City & Government, Creswell

Creswell not part of letter decrying riot

Local government leaders came together to issue a statement Wednesday, Jan. 6, denouncing the rioting at the Capitol in Washington, D.C. – which included the murder of a Capitol Hill police officer among five deaths – and called for communities to “come together to participate in civil democracy.” 

Signing on to the statement were Steve Moe, the council president functioning as mayor for the City of Springfield and Jeff Gowing, the recently reelected mayor of the City of Cottage Grove. 

Notably absent from the statement was any representation from Creswell.

Creswell City Manager Michelle Amberg said that she shared the letter to the City Council and received no replies. 

On Monday evening, in her first council meeting as the new mayor and with a newly sworn-in councilors, the events in Washington, D.C. were not mentioned by the council. Earlier in the day, Knudsen told The Chronicle “no comment” when asked about the City’s absence from the letter. 

Other neighboring city officials, including those from Oakridge and Eugene, signed the denouncement. 

The letter came about after Joe Berney, board chair for the county, released a statement denouncing the attempted coup at the Capitol, said Devon Ashbride, county public information officer. 

The statement reads:

“There are certain principles and rights that we, as Americans, have established. Those include the right to peacefully assemble and our right to dissent – both of which are critical to our democracy. We cannot mistake what is happening (today) in Washington, D.C. for lawful or peaceful assembly.

“The actions that occurred at the U.S. Capitol (on Jan. 6) is an assault on our Republic and our Constitution; it goes far beyond the partisan politics that have so divided our nation in recent years.

“We denounce these actions. 

We can and must do better. Please join us in committing to working together to ensure our communities continue to participate in civil democracy where we come together to improve our communities for everyone.”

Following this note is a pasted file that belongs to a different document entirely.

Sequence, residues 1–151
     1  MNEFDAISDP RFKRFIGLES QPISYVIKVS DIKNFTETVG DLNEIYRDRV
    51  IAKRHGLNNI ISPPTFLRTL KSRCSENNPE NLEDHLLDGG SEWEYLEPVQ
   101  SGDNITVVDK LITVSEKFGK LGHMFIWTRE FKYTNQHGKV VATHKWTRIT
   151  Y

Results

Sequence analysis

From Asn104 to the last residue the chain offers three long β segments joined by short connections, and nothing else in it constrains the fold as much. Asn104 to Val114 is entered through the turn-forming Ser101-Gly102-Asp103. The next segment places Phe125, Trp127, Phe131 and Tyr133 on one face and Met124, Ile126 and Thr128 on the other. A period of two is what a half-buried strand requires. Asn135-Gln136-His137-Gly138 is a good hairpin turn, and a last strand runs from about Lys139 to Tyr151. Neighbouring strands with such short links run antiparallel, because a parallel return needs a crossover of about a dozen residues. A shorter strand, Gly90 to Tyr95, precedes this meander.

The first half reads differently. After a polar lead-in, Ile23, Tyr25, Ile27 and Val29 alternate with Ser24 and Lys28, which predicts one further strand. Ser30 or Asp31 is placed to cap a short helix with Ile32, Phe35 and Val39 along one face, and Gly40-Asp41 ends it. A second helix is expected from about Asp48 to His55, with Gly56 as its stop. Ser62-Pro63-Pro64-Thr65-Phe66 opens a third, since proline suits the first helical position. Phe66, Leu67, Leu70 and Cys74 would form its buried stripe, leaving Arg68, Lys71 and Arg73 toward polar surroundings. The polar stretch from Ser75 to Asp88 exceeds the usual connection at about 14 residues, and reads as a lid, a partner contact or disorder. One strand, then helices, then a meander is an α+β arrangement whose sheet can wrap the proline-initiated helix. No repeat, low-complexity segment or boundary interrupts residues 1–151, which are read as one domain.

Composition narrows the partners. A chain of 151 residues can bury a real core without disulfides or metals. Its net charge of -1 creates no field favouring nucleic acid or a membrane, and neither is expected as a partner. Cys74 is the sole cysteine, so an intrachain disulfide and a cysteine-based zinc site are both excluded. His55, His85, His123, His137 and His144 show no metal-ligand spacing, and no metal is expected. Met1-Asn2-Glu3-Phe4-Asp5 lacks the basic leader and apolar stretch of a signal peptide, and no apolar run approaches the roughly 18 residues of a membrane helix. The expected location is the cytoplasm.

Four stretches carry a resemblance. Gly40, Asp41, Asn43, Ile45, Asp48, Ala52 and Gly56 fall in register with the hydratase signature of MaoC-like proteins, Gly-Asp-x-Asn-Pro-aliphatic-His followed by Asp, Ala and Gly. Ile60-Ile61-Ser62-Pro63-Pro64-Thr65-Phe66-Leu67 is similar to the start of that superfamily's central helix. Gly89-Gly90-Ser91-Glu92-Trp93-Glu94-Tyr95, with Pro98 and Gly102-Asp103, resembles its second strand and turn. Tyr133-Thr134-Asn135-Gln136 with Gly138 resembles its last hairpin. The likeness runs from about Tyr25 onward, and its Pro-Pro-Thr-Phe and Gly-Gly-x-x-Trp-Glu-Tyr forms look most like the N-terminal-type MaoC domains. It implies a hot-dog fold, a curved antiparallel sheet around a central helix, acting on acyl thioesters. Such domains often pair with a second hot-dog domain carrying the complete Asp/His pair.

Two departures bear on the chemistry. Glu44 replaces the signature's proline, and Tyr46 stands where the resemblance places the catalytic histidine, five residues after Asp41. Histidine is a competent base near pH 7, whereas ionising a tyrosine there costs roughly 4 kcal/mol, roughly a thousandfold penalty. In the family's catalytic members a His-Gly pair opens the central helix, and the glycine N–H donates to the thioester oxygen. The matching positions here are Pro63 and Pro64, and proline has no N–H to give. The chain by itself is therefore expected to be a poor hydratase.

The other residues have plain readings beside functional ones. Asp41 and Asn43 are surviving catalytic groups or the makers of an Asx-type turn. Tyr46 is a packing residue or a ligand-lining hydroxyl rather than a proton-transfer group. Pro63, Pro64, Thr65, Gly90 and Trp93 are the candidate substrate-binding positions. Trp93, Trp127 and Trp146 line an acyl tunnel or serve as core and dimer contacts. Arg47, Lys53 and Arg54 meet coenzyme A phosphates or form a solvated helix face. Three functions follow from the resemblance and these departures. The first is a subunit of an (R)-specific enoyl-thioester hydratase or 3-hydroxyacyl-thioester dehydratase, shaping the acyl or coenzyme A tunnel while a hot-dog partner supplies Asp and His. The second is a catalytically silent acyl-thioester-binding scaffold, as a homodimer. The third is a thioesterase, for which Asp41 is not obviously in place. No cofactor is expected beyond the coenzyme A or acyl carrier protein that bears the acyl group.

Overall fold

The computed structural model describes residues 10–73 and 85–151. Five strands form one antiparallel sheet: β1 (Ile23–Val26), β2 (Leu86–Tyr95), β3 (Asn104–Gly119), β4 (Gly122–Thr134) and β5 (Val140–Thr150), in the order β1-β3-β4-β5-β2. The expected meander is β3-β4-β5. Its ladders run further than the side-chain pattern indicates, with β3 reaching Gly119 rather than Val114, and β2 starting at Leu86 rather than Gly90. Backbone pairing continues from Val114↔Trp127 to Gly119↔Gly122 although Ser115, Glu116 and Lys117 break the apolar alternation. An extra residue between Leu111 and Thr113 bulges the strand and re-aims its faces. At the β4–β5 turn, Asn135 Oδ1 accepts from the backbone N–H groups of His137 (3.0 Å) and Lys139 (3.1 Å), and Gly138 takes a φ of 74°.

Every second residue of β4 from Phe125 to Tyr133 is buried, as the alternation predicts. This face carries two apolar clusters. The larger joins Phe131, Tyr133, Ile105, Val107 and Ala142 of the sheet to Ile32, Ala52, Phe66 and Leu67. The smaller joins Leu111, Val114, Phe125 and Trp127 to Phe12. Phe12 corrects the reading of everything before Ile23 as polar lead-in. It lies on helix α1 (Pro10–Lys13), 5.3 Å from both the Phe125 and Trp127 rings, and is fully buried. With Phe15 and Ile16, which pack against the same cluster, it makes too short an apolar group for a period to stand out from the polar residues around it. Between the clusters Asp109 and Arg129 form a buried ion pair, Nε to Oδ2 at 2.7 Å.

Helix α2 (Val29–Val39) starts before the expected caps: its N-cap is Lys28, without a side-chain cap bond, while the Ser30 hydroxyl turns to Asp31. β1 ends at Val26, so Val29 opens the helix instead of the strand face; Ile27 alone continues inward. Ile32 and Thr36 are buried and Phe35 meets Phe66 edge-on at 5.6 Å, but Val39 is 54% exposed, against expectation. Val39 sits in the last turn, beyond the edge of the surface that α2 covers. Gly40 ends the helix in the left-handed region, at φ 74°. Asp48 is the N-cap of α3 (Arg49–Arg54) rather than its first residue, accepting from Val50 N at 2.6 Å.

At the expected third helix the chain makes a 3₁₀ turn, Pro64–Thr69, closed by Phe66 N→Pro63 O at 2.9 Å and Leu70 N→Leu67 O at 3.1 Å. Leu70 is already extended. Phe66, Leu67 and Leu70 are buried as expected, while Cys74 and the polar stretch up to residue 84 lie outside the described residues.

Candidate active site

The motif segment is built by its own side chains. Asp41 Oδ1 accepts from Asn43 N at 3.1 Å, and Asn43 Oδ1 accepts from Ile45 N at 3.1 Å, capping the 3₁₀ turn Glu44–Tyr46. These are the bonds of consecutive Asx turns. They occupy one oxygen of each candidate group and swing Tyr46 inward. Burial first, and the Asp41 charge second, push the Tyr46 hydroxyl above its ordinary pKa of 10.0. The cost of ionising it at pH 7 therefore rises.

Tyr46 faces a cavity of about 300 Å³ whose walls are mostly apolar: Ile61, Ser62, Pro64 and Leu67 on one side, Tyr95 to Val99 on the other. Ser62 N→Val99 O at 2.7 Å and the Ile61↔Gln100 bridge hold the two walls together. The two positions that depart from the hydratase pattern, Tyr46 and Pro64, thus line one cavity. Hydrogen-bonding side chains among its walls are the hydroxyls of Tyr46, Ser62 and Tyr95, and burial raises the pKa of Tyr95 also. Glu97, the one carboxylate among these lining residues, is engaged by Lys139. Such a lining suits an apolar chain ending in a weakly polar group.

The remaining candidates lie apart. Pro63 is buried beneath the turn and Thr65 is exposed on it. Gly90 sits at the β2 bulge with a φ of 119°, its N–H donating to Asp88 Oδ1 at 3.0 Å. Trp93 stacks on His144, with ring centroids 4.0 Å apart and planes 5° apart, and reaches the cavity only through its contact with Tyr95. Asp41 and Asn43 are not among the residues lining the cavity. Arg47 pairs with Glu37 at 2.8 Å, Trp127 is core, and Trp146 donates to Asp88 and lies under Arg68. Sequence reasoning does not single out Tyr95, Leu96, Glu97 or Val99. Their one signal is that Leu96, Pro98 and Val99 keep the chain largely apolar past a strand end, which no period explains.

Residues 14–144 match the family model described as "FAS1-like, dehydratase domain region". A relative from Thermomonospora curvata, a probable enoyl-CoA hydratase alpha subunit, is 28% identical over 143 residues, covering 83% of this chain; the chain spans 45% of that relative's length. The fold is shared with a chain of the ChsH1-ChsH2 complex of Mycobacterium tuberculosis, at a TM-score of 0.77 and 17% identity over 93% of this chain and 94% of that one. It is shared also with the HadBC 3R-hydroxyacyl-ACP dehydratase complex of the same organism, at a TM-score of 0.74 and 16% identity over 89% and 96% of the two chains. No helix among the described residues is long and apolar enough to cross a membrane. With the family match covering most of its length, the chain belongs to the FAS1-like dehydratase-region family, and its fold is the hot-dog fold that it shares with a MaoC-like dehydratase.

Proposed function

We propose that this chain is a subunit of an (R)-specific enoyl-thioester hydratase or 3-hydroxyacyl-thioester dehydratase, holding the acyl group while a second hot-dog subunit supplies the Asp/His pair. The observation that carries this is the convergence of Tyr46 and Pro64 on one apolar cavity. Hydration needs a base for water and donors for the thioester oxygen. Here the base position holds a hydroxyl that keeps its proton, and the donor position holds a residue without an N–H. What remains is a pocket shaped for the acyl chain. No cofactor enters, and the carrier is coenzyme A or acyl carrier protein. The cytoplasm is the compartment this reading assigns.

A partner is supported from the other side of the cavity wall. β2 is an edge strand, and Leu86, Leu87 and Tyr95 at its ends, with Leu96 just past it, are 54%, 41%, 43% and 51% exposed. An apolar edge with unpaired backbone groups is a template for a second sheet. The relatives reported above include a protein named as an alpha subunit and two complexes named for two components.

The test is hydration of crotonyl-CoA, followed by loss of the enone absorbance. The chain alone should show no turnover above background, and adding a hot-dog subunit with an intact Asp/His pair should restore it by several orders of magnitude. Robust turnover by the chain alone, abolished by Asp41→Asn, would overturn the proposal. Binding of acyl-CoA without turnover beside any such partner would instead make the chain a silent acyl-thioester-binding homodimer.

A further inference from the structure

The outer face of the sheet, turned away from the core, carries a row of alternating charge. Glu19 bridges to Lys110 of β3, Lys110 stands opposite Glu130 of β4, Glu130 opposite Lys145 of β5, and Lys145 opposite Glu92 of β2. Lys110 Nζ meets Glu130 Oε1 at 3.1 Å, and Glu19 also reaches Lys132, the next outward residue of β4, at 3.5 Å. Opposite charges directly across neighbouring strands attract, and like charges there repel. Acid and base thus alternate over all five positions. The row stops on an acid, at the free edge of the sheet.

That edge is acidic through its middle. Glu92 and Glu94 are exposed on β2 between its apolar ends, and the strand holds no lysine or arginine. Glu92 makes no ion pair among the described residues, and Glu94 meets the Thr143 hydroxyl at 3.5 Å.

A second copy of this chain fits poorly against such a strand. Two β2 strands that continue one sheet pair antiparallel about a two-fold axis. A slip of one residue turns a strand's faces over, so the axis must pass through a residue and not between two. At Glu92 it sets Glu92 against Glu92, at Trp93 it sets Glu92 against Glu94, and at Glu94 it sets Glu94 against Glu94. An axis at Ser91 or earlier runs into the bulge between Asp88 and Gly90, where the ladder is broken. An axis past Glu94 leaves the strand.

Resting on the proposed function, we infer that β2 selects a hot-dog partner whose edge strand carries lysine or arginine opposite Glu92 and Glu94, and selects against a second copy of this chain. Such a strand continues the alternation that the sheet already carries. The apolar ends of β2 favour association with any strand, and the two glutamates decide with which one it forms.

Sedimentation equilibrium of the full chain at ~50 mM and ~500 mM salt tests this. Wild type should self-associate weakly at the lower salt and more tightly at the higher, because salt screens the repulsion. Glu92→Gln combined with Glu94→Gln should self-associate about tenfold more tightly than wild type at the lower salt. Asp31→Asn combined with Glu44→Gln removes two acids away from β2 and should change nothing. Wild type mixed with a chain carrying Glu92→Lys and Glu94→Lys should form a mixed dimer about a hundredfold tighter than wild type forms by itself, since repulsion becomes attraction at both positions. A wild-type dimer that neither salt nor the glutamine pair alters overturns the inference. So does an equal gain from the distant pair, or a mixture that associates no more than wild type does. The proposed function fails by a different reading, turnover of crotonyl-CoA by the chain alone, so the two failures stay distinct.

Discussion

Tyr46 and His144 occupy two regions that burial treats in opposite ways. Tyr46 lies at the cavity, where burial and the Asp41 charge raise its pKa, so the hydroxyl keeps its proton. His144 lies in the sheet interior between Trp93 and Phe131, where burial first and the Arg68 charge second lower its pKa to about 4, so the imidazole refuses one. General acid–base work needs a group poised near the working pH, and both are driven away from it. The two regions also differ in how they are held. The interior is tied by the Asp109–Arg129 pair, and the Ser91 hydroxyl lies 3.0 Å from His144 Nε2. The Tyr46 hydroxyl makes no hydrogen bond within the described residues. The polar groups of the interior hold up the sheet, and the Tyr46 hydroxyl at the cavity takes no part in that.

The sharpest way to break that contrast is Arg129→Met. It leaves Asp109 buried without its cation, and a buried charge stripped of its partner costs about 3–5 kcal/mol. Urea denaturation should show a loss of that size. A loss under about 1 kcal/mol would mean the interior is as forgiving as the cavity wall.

While council bodies would normally need to meet in order to determine whether or not to endorse letters such as these, “in this instance, we felt it was important to release the joint statement on the same day as the riot,” Ashbridge said.

The county gave the leaders 90 minutes to respond. Alonzo Costilla, councilor, said after press time Tuesday that he read the email too late, and that he denounces the riot.

I certainly denounce the actions that took place on Jan. 6. at the U.S. Capitol … let me be perfectly clear that It was not my intention to choose not to sign,” Costilla said. No other councilors responded to The Chronicle’s inquiry.

Council President Kevin Prociw said on Jan. 13 that he did not see the email in time, but “would have at least given it consideration.”

Alternatively, cities could also release their own statement independent of the letter, or choose to discuss it with its elected body at an upcoming meeting, neither of which have been done by the City of Creswell at press time this week. 

Sunday, Gov. Kate Brown ordered all flags at Oregon public institutions be flown at half-staff until sunset Jan. 13 to honor two fallen U.S. Capitol Police Officers Brian D. Sicknick and Howard Liebengood.



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